Americans historically regard products manufactured in the United States as the best anywhere. They still do. But, as Chinese factories pump out prodigious amounts of everything from pincushions to pianos -- overwhelming wide swaths of the American market -- consumers' perceptions are being reshaped and American products' pre-eminence challenged. Manufacturers need to address this situation -- at a basic level -- before these changes become ingrained.
GfK Roper Reports routinely asks Americans which country makes the best products. Throughout much of the 1990s, the numbers who said that U.S.-made products were, broadly speaking, the best in the world increased steadily. In the past decade, however, that trend has reversed itself. The percentages have declined along all of four measured dimensions: value (down 11 percentage points) and creativity (down 9 points) as well as quality and prestige (each down 5).
The darkening of American products' image comes as Chinese products' image has been brightening. The brightening is most striking on the dimension of value -- not a surprise, given Chinese manufacturers' ability to translate advantageous labor conditions into low-priced exports. China's labor costs and its exports' prices may have begun rising, but it could take some time for Americans' perceptions of Chinese products' value to reflect that change: The percentage of Americans who feel those products provide the best value has increased 17 points in the past decade.
Beyond value, the numbers of Americans who rate Chinese products tops on creativity, quality, and prestige have also risen in the past decade. While modest, those increases are impressive in that they register despite widespread recalls of products made in China. And they extend a longer trend: The percentages of Americans who feel Chinese products are the best on all four dimensions have increased over the past 18 years by as much as 21 points.
Views of Japanese, German Products Darken
American manufacturers need not get too anxious -- yet. True, the products they make are viewed less positively than in the past. Still, "Made in America" carries a lot of clout. American products rank No. 1 on all four dimensions, and the actual shares citing those products as the best eclipse those for China by a substantial margin. No less than four in ten Americans cite their nation's products as tops on any single dimension, but no more than one in four name the Chinese'.
Moreover, America is not the only manufacturing giant whose products' image is darkening relative to China's. Not so long ago, another East Asian country, Japan, was mounting the main challenge to American products. Indeed, the only time American products have relinquished the top spot on any dimension was in 1989, when Japan led the world on creativity.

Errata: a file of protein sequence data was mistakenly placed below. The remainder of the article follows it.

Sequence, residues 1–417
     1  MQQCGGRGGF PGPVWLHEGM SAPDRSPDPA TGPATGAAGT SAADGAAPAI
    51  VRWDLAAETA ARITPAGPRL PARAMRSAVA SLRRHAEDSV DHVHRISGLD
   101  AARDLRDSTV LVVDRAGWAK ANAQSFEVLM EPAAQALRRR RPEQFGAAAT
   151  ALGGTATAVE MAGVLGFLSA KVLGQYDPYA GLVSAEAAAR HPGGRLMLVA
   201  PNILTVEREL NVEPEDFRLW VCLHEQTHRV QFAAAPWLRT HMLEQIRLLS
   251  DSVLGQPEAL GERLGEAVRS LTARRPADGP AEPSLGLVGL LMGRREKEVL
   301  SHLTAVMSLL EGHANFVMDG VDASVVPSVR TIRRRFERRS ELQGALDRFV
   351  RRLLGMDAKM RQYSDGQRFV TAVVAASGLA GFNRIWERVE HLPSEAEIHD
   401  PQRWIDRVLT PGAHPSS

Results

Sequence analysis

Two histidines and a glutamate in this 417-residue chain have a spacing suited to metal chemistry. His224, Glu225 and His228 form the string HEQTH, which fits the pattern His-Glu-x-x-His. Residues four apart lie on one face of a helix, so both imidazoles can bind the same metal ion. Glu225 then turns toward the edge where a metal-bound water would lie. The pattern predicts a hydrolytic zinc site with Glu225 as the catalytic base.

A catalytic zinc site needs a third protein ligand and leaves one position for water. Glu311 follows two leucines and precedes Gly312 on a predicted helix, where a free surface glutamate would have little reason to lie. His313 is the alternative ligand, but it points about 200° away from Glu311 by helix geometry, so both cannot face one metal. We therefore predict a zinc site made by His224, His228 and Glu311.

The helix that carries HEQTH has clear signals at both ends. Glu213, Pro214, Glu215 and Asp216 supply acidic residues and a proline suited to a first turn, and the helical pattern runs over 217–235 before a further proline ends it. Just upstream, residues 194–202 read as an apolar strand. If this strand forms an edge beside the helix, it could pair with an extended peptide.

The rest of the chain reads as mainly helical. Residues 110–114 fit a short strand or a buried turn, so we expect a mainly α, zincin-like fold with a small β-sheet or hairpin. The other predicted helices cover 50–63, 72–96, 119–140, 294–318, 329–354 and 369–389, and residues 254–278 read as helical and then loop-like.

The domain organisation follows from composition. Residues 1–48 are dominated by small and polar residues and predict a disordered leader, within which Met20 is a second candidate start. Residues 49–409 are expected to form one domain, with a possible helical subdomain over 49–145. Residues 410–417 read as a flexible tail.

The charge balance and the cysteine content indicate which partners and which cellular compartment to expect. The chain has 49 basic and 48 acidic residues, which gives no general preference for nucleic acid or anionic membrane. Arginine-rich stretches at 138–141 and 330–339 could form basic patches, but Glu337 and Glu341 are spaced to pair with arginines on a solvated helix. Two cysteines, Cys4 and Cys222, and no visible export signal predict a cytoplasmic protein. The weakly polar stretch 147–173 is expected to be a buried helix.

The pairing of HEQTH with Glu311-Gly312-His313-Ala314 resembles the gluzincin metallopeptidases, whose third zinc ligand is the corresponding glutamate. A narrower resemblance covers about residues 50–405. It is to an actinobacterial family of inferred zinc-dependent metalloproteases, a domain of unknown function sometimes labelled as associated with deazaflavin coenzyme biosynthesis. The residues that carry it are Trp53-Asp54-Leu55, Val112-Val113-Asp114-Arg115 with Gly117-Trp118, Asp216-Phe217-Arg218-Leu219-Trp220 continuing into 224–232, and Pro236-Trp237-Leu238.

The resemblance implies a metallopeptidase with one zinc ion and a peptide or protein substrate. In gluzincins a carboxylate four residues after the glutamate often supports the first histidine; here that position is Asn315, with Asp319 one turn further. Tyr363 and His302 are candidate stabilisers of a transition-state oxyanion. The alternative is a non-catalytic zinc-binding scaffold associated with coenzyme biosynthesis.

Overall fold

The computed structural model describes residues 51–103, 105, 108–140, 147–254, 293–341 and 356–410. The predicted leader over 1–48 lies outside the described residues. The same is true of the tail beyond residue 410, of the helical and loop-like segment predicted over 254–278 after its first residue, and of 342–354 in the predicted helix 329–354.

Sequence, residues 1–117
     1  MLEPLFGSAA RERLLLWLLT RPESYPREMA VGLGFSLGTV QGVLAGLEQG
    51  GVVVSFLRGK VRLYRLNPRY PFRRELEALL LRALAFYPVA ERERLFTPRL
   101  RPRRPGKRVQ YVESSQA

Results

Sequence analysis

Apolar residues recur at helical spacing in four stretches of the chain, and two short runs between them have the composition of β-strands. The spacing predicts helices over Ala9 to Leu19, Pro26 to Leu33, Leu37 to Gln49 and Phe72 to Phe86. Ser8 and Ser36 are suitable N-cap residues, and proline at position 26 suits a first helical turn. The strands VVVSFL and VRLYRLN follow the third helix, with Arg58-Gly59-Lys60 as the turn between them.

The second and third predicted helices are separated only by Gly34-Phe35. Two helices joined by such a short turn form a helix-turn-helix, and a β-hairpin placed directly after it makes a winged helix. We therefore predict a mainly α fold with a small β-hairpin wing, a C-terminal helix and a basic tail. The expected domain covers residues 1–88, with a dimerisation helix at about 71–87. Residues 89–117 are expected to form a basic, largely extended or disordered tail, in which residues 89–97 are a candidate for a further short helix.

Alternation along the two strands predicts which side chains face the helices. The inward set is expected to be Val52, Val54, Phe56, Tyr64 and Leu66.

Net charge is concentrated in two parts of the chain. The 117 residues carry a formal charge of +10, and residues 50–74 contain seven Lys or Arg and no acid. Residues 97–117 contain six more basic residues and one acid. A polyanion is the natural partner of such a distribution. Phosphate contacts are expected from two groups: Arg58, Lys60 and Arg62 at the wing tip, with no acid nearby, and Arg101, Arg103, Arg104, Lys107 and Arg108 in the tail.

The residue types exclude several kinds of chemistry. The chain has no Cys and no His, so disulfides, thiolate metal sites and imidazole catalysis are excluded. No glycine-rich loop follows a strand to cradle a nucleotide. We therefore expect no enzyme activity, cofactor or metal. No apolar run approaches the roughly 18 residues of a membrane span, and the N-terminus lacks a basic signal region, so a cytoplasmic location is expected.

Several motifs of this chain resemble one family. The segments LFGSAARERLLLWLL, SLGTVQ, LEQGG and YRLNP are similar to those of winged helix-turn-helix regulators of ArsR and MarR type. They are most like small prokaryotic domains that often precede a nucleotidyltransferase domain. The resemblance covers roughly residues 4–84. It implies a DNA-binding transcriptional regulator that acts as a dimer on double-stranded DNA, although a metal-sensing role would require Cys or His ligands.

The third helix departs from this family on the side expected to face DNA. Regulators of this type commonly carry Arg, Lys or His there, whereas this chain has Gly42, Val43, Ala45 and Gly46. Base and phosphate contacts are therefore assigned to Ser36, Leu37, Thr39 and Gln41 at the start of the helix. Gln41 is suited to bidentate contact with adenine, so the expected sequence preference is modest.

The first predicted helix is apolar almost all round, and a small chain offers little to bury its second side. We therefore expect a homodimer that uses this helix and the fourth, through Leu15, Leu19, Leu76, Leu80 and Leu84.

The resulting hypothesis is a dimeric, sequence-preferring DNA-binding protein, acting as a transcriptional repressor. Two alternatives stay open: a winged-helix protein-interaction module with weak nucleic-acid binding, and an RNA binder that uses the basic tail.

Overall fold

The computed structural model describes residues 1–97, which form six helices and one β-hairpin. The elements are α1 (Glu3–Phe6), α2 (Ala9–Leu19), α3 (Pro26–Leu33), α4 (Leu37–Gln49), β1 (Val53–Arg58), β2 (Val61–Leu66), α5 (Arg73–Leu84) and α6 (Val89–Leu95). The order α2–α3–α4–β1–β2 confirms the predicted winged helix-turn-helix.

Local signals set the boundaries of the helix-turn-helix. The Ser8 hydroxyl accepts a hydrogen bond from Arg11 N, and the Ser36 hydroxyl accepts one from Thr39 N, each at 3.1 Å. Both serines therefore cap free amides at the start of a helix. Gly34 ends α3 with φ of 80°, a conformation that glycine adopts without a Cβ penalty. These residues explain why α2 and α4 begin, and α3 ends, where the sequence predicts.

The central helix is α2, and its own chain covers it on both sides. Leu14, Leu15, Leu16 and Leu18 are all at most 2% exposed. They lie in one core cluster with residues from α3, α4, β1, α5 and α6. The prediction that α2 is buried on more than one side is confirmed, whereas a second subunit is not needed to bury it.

Today, however, Japanese products' position has also slipped. That in itself may for American businesses foster a sense of kinship with their Japanese counterparts, as in the period after World War II -- and before Japan began its own rise, prompting a fit of buy-America flag-waving perhaps unequaled until the immediate post-9/11 period.
Japan is not the only other major economy whose products' image has begun to tarnish a bit. German products have long boasted a relatively strong position globally on at least two dimensions, quality and prestige. In the past decade, however, Americans' views of German products have grown less positive not only on those dimensions but on value and creativity as well.
Challenge to American Manufacturers
The consistently high ratings earned by U.S. products over the years may owe in part to chauvinism -- from which no nation is, after all, immune. So it may not seem a stretch to infer that those ratings' decline may in some measure reflect increasingly negative views some Americans hold of their nation in general at a time of unpopular adventures overseas. America today is in many ways a politically polarized nation: GfK Roper research shows that self-described Democrats and Republicans disagree widely on issues like whether it is the U.S.' job to police the world. And, in the past year, the post-9/11 cross-party consensus on issues like terrorism has begun to break down.
Nevertheless, opinions of American products have grown less positive among partisans of both parties, irrespective of their positions on such issues. Americans' darkening views of their nation's products seem tied to their take on product traits as much as waning patriotic impulses, disillusionment with foreign policy, or, for that matter, any other attitude peripheral to business per se. The challenge for American manufacturers is thus clear.
They need to address the issue at the most basic product level, revving up R&D even as they step up efforts to get their message out to American consumers, a practical people more than willing to give their countrymen's efforts the benefit of the doubt. Should the trend toward more critical opinions of domestic products continue, the Chinese century could become a reality more quickly than even the most committed Sinophile might predict -- abetted, ironically enough, by the American consumer.
Phillip Lutz is a Senior Editor of GfK Roper Consulting® , which is a division of GfK Custom Research North America® . Offering more than 30 years of syndicated research and analysis, GfK Roper Consulting is responsible for GfK Roper Reports US® and GfK Roper Reports® Worldwide. In addition, in the U.S. the division has an ongoing study of consumers' attitudes towards the environment. www.gfk.com/north_america.